The first use of desktop computers to process electronic forms occurred at Apple Computer 25 years ago this month. It was an enterprise-wide, HR application that enabled every manager in the company to fill out and approve salary changes, department transfers, and performance reviews for 5,000 employees. 800 managers signed-on to access personalised data from a mainframe computer, routed forms through an approval chain, and automatically updated the host database. This was the beginning of what soon became called “manager-self-service”. The system was called “HyperGOLD”. The year before, Apple launched the first “employee self-service” solution which enabled all employees to access and update their benefit elections using a personal computer.
These applications broke new ground in two areas – one technical and one behavioural. The technical breakthrough had to do with managing user permissions and routing rules. The system needed to accommodate “personalised” access and permissions by hundreds of users at different departments and levels of the company. Line managers initiated various actions that had to be approved by others along the line before updating the database. The other breakthrough had to do with the vast increase in the number of users. Previously, computer systems, even those accessed from personal computers, required extensive training for use by a limited number of specialists. It was untenable to consider training hundreds of new users. The Apple systems were the first-ever to require no training!
The result was truly transformational. Over the next three years Apple totally revamped how HR services were conceived and delivered, and the ratio of HR staff to line staff went from 1/30 to 1/300. Getting stuff done was not only more efficient, but new policies, better practices, and improved behaviours were initiated that enhanced the Apple culture.
It was no coincidence this breakthrough occurred at Apple. There were three enabling factors. First, Apple was the only company in the world at that time that had a personal computer on every employee’s desk. This accessibility meant that paper forms (and the associated double-data entry by administrative staff) could, indeed, be completely eliminated. Second, Apple had pioneered the graphic user interface (especially valuable was HyperCard) that would support the “no-user-training-required” standard. Third, then as now, Apple had an appetite for innovation. These applications were not available in the market place, and Apple had to build them from scratch. These pioneering applications took investments of millions of dollars over several years.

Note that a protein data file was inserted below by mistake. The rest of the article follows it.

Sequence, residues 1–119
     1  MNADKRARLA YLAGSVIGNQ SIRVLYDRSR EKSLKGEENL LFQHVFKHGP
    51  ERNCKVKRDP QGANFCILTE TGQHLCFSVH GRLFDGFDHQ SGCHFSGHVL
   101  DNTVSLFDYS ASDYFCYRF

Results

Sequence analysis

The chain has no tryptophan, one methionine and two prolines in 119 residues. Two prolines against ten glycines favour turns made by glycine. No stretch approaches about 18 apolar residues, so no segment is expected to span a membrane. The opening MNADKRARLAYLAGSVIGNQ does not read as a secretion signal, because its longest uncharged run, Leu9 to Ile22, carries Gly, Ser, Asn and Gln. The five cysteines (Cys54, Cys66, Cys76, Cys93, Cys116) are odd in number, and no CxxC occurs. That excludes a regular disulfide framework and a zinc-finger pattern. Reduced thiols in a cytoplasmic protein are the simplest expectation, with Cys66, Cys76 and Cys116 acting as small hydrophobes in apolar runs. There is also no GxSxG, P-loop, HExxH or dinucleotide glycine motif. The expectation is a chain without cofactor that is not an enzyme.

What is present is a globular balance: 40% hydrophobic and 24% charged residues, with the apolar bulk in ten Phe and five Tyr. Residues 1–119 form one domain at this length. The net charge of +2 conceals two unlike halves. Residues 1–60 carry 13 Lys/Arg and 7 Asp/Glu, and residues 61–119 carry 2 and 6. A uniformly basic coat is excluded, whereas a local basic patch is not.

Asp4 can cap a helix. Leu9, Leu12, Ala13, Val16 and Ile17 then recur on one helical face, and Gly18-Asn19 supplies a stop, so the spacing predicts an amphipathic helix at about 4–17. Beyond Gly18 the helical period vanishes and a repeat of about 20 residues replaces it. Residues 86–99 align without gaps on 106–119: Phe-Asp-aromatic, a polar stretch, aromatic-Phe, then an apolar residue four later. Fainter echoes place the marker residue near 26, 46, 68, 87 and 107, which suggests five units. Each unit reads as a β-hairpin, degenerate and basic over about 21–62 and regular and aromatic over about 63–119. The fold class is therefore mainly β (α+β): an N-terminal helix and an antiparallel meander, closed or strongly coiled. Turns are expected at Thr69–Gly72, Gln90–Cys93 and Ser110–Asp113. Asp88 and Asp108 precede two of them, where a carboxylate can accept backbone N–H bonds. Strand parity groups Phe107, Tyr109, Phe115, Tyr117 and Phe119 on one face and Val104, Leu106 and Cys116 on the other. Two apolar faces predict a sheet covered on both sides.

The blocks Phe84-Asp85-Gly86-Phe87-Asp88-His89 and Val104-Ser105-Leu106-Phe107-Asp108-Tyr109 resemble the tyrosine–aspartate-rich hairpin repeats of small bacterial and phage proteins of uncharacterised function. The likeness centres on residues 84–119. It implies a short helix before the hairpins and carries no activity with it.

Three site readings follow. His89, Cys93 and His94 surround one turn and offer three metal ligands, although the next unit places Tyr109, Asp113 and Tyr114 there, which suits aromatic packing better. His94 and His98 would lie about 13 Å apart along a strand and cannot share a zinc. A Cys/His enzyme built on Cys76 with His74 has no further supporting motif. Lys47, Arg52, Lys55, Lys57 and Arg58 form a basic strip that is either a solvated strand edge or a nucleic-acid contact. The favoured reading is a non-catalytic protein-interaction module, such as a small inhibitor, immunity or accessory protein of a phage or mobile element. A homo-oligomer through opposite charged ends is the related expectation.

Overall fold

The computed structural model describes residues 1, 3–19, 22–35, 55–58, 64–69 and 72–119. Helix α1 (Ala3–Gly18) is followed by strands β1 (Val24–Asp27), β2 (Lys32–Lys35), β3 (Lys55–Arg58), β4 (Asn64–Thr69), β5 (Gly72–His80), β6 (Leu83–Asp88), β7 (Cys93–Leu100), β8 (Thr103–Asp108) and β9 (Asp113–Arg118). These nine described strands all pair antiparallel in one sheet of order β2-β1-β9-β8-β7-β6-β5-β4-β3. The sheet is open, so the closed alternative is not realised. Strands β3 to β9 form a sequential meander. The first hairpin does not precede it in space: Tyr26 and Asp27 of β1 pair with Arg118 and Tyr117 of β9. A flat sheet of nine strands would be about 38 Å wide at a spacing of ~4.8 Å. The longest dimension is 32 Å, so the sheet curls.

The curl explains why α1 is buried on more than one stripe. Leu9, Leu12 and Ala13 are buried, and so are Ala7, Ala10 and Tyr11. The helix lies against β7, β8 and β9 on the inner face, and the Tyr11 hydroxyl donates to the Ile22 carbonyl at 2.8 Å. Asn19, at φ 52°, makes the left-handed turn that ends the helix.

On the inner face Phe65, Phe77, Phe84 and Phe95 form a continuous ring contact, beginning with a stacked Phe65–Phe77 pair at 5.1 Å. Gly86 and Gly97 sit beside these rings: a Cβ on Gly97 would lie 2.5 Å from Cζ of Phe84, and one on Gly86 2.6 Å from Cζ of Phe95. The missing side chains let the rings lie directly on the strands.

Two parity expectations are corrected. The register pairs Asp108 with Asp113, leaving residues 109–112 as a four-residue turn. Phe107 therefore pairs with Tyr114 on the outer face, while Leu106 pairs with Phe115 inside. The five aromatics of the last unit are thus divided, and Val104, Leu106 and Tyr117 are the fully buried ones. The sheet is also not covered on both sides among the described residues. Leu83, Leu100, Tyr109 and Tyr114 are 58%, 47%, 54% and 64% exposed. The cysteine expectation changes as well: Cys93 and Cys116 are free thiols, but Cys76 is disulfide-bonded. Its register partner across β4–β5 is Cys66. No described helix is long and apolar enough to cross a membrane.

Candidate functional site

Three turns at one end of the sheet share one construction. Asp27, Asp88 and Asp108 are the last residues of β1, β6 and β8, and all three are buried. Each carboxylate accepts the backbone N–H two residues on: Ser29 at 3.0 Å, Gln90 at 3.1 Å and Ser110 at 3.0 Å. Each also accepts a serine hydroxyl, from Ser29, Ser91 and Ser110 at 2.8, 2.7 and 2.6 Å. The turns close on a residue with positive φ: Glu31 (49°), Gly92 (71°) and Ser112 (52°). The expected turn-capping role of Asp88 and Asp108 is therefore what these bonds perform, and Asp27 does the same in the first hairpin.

The team was co-led by David Arella (this author), who was Apple’s first Manager of the HR Systems Technology & Innovation Group, and Steve Austin, Information Systems & Technology Manager. Their team included Lynne Hoppe, Dawn Black, Suzanne Summers, Aaron Hyde, Tim Hayes, Ted Ives, Ann Altman, Bill Lee, Paul Foraker, Wayne Robertson, and David Donaldson.
It turned out that Apple was way ahead of the crowd. Many years passed before other companies implemented similar solutions. Quantum and Adobe did their first employee benefit enrollment systems in 1992 and 1993 respectively. Cisco did their first manager-self-service HR application in 1995, a full 7 years after Apple. Dell Computer’s first enterprise-wide solution for line managers was not implemented until 1997 on their brand new intranet. Other leading companies like Schering-Plough, Southwestern Bell, Colgate Palmolive, Marriott, AMD, MasterCard, Reuters, NY Times, and CNA Insurance came along in the late 1990’s.
Of course, these solutions are commonplace today, and we take all of this pioneering work for granted. Companies that don’t have similar solutions in place are now in the minority. New social media technologies have opened up possibilities for new advances. So here’s an alert: stay tuned because some of the same people who contributed this seminal work 25 years ago have been busy working on the next breakthrough solutions.